In 2018 the Department for Education (DfE) proposed changes to the early learning goals (ELGs)and the assessment process within the early years foundation stage (EYFS).

On 31 March 2021, the DfE published the final statutory framework for the EYFS which comes into force from 1 September 2021. The reforms announced

  • Reduce the workload for all staff working in the education sector.
  • Significantly improve language development for all children but particularly for children from disadvantaged backgrounds.
  • Improve outcomes for 5-year-olds.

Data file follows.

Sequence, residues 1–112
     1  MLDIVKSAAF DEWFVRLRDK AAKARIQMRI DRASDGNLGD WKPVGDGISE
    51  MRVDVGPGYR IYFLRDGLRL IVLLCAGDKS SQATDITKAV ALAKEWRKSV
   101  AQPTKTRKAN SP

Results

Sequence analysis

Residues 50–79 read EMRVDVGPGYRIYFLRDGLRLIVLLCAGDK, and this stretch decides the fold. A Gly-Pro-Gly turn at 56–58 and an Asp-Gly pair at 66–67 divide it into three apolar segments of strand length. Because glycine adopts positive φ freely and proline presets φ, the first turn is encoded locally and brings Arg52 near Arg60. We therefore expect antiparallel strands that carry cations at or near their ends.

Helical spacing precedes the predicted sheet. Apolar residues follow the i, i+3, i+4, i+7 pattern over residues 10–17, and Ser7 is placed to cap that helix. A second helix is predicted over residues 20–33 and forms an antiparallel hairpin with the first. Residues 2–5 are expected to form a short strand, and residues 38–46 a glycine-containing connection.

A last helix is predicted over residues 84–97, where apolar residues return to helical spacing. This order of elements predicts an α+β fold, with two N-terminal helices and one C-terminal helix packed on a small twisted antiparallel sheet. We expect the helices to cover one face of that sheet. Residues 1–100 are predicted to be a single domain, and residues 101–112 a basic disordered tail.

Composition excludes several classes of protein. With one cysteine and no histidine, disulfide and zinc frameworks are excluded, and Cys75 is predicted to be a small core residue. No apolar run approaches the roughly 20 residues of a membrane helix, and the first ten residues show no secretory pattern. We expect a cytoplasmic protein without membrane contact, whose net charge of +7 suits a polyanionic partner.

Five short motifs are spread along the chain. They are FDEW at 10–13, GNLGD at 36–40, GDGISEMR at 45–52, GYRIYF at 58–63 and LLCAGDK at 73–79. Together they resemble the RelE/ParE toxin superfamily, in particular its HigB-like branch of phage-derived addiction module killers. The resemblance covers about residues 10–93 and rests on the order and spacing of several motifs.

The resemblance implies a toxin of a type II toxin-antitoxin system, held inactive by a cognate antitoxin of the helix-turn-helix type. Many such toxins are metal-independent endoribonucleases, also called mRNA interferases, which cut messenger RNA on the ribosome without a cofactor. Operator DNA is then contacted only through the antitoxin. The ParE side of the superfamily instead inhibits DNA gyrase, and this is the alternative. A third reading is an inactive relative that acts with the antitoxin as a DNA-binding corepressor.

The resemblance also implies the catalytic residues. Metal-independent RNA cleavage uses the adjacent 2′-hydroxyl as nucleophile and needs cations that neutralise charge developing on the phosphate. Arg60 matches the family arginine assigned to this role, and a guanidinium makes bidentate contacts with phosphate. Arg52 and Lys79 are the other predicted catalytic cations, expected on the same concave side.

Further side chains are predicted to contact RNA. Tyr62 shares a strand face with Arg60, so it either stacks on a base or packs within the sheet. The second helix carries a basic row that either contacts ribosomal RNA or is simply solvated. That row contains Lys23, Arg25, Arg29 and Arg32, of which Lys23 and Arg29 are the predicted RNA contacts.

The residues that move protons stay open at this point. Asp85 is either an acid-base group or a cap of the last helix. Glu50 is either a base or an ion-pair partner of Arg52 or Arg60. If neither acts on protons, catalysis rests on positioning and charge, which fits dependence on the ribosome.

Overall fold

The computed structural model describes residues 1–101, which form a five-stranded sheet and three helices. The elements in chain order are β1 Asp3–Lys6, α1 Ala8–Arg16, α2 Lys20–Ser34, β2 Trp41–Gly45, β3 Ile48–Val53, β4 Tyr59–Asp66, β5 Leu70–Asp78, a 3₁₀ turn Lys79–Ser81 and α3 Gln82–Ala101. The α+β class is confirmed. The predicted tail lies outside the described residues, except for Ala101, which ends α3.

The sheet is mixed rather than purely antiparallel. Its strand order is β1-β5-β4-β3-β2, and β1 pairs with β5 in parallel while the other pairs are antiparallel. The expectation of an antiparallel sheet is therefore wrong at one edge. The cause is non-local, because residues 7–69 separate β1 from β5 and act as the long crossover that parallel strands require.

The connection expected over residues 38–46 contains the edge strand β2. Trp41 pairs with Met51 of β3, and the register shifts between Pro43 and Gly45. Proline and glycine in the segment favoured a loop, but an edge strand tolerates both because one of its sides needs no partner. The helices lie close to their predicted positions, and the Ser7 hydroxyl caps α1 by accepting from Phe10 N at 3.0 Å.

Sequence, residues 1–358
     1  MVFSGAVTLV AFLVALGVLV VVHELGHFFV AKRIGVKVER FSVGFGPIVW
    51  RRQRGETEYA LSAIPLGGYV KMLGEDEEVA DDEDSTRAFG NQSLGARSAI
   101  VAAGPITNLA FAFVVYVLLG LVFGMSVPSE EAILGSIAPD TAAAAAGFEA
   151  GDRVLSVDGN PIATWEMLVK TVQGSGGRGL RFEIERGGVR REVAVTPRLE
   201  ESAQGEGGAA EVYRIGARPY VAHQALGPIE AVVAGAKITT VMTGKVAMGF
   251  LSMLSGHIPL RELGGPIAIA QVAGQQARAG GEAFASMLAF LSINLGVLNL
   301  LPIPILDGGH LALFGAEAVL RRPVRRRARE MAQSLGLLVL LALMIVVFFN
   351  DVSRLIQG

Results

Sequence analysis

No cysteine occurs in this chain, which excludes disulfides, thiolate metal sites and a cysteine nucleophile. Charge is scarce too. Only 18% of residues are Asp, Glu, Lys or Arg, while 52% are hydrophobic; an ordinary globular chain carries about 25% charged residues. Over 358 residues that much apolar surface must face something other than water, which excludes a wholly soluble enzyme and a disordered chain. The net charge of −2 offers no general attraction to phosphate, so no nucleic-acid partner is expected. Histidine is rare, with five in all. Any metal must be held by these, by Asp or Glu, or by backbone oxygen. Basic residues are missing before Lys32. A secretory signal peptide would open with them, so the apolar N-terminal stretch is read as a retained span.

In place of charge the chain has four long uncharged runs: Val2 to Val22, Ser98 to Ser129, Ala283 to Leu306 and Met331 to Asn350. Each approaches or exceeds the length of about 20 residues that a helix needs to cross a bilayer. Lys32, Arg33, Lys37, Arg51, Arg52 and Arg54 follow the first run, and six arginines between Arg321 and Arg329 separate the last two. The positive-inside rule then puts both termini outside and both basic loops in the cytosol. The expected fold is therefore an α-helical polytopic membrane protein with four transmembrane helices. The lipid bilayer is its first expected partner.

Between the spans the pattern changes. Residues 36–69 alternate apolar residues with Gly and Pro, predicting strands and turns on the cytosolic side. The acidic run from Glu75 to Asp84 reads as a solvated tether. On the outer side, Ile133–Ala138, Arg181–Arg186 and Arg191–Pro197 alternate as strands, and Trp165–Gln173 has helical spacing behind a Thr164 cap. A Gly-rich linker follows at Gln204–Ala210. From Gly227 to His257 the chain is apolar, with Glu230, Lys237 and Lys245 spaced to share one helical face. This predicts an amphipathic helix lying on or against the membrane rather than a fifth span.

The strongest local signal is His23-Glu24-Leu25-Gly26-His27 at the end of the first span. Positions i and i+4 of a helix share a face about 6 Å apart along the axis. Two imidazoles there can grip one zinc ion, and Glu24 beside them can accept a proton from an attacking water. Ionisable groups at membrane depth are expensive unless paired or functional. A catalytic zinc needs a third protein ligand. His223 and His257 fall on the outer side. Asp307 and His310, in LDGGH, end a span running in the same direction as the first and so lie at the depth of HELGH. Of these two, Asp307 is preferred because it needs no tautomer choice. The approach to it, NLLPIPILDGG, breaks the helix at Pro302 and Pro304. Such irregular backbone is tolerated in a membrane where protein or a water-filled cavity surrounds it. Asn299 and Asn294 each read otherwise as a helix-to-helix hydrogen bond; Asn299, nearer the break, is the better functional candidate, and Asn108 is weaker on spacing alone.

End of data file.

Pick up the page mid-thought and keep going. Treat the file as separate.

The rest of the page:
• Give greater clarity and support of daily practices in early years settings due to revised educational programmes
  • Cleary define new age bands (there are now three instead of six) of ‘Birth to 3’, ‘3 and 4- year- olds and ‘children in Reception’.
  • Give more emphasis on professional judgement, based on practitioner knowledge and experience.

Early adopters

Schools have chosen to participate and be early adopter schools to pilot the newly published EYFS framework. Findings from these early adopters include:

  • Evidence that the revised seven educational programmes provide a clearer summary of the sorts of activities that schools can carry out with children in Reception.
  • A more realistic curriculum which is achievable and age appropriate for the groups of children in reception.
  • The seven areas of learning remain the same, but most of the aspects have been moved or changed to provide a more holistic ‘best fit’ judgement about a child’s development.